The Maliseets of the Beautiful River are located on both sides of the North American border simply because this is were the Malécites lived well before Canada and United States became countries.
The area of origin of the Wolastoqiyik mistakenly called Maliseet is located between Maine and New Brunswick and their territory
is located in the Whitworth Township, close to Rivière-du-Loup and to a tiny
lot in Cacouna. The Maliseet of Viger or, more accurately, the
Wolastoqiyik reserve is the smallest in Canada.
The Maliseets were semi-nomadic people who largely depended on hunting and fishing and who cultivated corn, a cereal grain rich in vitamin C they called maize. The Maliseet of Viger community is the only reserve in the province of Quebec and Eastern Algonquian was and still is part of their language.
It is only in 1987, after an extensive research, that some of the remaining Maliseets reunited, formed the Maliseet of Viger First Nation, elected their first Grand Chef and band Councillors and formed their first band council.
Then, at the beginning of the 21st century, the Maliseets began their involvement in commercial food fisheries and, after having obtained many different fishing permits, they formed a Committee. Nowadays, the Maliseets of Viger are involved in commercial fishing and own a snow crab processing plant.
Among its many responsibilities, the Committee coordinates "Maliseet Fisheries - Les Pêcheries Malécites", looks after human resources, recruits and trains new personnel, improves fishing practices and implements new policies.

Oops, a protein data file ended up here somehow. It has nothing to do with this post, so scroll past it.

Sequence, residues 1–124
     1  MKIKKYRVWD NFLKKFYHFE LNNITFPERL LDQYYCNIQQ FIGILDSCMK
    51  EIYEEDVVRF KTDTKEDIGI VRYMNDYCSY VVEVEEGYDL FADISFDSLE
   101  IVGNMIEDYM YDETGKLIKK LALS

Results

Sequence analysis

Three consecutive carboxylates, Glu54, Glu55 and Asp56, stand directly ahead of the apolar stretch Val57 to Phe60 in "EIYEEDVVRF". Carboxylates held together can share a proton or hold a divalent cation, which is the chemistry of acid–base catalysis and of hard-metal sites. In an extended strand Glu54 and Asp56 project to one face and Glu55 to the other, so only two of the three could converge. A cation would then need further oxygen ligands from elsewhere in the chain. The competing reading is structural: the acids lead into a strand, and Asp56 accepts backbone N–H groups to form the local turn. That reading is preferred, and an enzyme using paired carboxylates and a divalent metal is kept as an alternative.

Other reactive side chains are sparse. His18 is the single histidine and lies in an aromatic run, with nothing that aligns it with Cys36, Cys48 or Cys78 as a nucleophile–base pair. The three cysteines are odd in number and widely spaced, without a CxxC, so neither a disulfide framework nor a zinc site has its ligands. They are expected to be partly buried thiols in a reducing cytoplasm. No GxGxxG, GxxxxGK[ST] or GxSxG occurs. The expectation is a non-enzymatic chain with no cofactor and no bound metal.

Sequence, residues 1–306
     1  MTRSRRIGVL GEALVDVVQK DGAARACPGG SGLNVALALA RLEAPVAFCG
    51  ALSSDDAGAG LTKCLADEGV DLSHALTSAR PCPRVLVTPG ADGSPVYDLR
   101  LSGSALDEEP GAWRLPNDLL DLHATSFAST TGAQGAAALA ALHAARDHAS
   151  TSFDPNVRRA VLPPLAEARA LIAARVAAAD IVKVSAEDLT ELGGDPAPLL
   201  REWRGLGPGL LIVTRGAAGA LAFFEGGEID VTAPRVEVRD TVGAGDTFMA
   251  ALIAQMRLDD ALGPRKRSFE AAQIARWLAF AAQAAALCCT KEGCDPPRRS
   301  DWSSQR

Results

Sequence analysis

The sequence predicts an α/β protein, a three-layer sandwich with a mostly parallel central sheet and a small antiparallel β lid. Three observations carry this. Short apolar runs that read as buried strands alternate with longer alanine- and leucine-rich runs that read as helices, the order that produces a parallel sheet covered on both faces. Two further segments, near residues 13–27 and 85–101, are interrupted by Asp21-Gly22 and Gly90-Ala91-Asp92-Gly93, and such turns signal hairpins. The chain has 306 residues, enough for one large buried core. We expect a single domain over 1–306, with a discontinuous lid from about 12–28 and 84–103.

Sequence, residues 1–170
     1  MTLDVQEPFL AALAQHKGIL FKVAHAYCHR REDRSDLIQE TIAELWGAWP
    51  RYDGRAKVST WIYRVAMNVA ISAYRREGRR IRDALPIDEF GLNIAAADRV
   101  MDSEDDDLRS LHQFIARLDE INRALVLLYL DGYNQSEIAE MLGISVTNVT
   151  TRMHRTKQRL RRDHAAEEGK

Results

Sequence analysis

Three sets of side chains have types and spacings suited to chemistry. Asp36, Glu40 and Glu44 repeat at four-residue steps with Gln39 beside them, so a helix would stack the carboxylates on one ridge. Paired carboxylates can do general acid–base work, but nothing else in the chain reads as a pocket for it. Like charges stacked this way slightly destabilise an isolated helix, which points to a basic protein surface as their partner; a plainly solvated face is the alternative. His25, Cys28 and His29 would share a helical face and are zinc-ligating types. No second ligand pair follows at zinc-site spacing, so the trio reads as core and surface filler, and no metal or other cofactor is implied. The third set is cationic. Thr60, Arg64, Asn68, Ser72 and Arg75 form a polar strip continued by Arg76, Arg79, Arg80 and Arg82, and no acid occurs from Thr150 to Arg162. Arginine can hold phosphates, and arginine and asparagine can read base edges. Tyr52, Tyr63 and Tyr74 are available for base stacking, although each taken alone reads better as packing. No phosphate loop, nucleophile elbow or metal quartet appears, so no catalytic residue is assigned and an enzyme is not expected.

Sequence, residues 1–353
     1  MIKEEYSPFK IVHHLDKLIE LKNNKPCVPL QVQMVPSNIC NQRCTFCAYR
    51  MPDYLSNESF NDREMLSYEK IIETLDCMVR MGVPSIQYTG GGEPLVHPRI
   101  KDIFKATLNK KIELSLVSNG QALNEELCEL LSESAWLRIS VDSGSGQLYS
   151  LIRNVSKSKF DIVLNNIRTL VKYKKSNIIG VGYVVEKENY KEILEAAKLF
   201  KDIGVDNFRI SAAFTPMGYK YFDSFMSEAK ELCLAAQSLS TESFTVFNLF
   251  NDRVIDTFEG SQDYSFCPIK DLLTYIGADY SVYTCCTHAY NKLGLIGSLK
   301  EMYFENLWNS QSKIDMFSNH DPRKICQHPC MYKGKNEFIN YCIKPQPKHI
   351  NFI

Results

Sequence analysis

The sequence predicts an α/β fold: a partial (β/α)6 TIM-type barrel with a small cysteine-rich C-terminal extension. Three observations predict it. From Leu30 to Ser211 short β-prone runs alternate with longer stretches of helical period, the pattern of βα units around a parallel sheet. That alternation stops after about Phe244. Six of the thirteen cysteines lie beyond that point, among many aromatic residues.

As a result, the Maliseet of Viger First Nation now operates a successful commercial fishing enterprise, fishing snow crab and northern Gulf shrimp. Maliseets who also diversify their economy and who develop specific regional partnerships.
The mission of the MMAFMA is to "promote the sustainable management and conservation of aquatic and oceanic ecosystems and activity zones of the Mi'gmaq communities of Gespeg and Gesgapegiag and the Maliseet people of Viger.
Gesgapegiag is a Mi’gmaq community located on the south shore of the Gaspésie and, the Mi'kmaq Nation of Gespeg is also a community located on the Gaspé peninsula. As for the Maliseet First Nation, the Maliseets and the Fisheries and Oceans Canada have been discussing an agreement on fisheries rights since the year 2017.
Nowadays, most Maliseets speak French, some speak English and some still speak Maliseet-Passamaquoddy, two major dialects that differ only slightly.
Wolastoqiyik and Passamaquoddy are now endangered Iroquoian languages mostly because children are not learning those two languages anymore. There is however, a growing interest in teaching and learning the language in some schools and in some community classes.
Their Sakom in Maliseet, Chief (he or she) in English is no longer chosen by the Council but elected by all members of the Maliseet of Viger First Nation officially called Wolastoqiyik.
The Maliseet of Viger have their own government, laws, police and services. A Wolastoqiyik - Maliseet and a Canadian government now committed to a renewed relationship with Indigenous peoples based on the recognition of their rights, respect, cooperation and partnership.
The Abenakis, Anishinaabeg, Atikamekw, Crees, Huron-Wendats, Innus, Maliseets, Mi'kmaq, Mowhawks, Naskapis First Nations and, the Inuit in Inuit Nunangat, the Arctic regions of Greenland, Canada and Alaska.
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